In the previous PoincarĂ© Project post about coordinate systems, I introduced two charts that covered the circle and introduced a coordinate system ranging from 0 to 1 on each of them.

At the time I said:

I've arbitrarily ranged the two coordinate systems from 0 to 1 but any continuous parameterisation of the coordinate curve would work.

Here are three examples of different coordinate systems on the blue chart:

The point to show here is that not only is the choice of the end points arbitrary but that the coordinate can change at a different rate depending on where you are. In the second example, the distance between 0.5 and 0.6 is great than that between 0.4 and 0.5 or 0.5 and 0.6.

Notice that we haven't yet introduced any structure to the manifold itself that allows as to talk about distance without (as we've done on this web page) actually identifying the points in our manifold with points in a higher-dimensional euclidian space (in this case the R^2 of the screen).

This notion of the "rate of change" of the coordinate function lets us do so intrinsically, however. Say the distance between the point 0.5 and 0.6 is 5 in some units. Then the ratio of distance to change of coordinate is 5 / (0.6 - 0.5) = 50. Do this again from 0.5 to 0.55, or from 0.5 to 0.51 or from 0.5 to 0.5001. In other words, take the limit to a change in coordinate of 0.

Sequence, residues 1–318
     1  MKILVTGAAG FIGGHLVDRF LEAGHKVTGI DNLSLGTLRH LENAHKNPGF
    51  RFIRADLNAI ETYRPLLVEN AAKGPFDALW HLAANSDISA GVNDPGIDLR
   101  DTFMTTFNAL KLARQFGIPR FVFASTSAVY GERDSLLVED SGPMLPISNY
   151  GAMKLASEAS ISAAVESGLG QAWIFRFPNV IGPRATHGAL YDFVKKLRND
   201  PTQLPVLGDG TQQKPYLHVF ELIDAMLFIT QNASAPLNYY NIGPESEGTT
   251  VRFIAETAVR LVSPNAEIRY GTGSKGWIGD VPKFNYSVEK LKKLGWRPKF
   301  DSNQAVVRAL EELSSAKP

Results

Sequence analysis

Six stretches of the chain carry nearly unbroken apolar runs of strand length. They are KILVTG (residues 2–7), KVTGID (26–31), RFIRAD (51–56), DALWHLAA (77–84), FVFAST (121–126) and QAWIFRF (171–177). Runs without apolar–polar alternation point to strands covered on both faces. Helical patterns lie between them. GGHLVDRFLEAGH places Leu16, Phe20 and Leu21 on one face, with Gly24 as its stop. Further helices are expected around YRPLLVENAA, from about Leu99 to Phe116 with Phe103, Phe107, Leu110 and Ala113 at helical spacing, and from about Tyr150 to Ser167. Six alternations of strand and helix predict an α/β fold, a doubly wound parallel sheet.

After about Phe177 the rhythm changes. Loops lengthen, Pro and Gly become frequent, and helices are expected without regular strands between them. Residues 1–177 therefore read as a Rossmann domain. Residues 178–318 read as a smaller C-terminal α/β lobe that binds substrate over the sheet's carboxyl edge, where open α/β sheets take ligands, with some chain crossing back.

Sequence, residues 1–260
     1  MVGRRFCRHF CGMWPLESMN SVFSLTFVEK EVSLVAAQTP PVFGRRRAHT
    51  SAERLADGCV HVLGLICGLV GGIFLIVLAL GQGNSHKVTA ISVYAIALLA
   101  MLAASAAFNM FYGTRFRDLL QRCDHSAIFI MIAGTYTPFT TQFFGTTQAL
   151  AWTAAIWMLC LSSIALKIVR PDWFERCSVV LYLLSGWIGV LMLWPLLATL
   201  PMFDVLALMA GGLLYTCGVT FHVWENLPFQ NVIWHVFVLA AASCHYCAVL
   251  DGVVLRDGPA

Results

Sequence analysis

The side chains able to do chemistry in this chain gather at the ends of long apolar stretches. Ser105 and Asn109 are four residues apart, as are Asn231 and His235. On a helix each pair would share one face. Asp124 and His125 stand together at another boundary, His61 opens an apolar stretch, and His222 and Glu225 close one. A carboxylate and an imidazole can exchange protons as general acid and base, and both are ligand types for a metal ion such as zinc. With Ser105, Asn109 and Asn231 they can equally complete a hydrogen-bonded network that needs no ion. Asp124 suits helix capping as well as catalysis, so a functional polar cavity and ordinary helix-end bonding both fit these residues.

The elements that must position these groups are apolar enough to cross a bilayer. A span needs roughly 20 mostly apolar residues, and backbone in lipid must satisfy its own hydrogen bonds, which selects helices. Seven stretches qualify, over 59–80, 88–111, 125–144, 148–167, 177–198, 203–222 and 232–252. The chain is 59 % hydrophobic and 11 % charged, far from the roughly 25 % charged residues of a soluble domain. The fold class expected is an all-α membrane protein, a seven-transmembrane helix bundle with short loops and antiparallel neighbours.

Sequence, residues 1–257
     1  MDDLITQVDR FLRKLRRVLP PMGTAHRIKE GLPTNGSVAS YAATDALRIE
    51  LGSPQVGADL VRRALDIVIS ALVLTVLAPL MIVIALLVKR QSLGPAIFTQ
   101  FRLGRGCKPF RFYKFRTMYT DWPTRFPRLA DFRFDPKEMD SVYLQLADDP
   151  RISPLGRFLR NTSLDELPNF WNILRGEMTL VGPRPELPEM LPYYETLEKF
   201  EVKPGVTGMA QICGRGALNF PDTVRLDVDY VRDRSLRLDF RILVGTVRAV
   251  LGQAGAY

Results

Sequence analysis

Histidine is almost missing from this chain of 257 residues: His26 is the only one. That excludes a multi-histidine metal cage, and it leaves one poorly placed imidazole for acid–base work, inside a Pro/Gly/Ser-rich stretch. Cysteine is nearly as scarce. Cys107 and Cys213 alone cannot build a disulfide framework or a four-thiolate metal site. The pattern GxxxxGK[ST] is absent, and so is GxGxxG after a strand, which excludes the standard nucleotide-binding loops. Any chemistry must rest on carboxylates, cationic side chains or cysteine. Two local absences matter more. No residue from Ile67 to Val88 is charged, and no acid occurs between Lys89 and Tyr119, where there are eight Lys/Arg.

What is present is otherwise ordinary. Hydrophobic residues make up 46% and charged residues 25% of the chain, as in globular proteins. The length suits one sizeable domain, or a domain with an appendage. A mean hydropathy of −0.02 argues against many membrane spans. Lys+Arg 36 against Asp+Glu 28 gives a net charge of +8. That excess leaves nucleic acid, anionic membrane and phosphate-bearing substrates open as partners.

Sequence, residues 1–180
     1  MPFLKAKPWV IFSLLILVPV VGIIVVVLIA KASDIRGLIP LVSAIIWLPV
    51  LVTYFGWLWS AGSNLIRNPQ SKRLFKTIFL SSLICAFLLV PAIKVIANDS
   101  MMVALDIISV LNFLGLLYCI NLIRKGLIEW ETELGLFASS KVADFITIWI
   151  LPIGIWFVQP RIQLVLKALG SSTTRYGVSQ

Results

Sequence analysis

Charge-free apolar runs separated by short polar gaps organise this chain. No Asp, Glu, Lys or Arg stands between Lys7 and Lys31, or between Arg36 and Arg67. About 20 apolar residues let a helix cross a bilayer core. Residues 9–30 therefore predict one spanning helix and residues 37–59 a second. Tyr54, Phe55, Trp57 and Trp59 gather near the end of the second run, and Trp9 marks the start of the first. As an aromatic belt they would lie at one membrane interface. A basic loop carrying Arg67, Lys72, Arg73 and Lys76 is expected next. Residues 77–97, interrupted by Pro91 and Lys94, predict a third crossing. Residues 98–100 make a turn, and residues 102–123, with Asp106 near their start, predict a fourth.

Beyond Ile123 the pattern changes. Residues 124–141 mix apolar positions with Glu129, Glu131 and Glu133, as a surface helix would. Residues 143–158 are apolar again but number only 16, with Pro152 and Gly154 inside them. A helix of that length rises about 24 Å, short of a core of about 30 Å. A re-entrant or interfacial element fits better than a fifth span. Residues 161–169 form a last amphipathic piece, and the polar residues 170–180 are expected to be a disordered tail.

This tells us how much distance is travelled as a proportion of coordinate change **at the point 0.5**. This "distance travelled as proportion of coordinate change" is called a **metric** for that coordinate system. Note that it's a function of the point you're at.

If you want to calculate the distance between arbitrary points with coordinates a and b, you take the integral of this metric function between a and b.

This new structure of a manifold with a metric defined on each chart is core not only to the proof of the PoincarĂ© Conjecture but also to Einstein's General Theory of Relativity. In fact, by the time we've covered what we need for PoincarĂ©, we will have covered more than enough mathematics to understand GR too.

One final thought: notice that, in our example, the metric isn't really telling you much about the manifold itself at all. The metric is merely expressing the relationship between the coordinate system and the notion of distance. We'll see shortly, however, that in dimensions higher that one, it goes beyond just telling you something about the coordinate system and allows you to describe the curvature intrinsic to the manifold.

**UPDATE**: next post

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The original post was in the category: poincare_project but I'm still in the process of migrating categories over.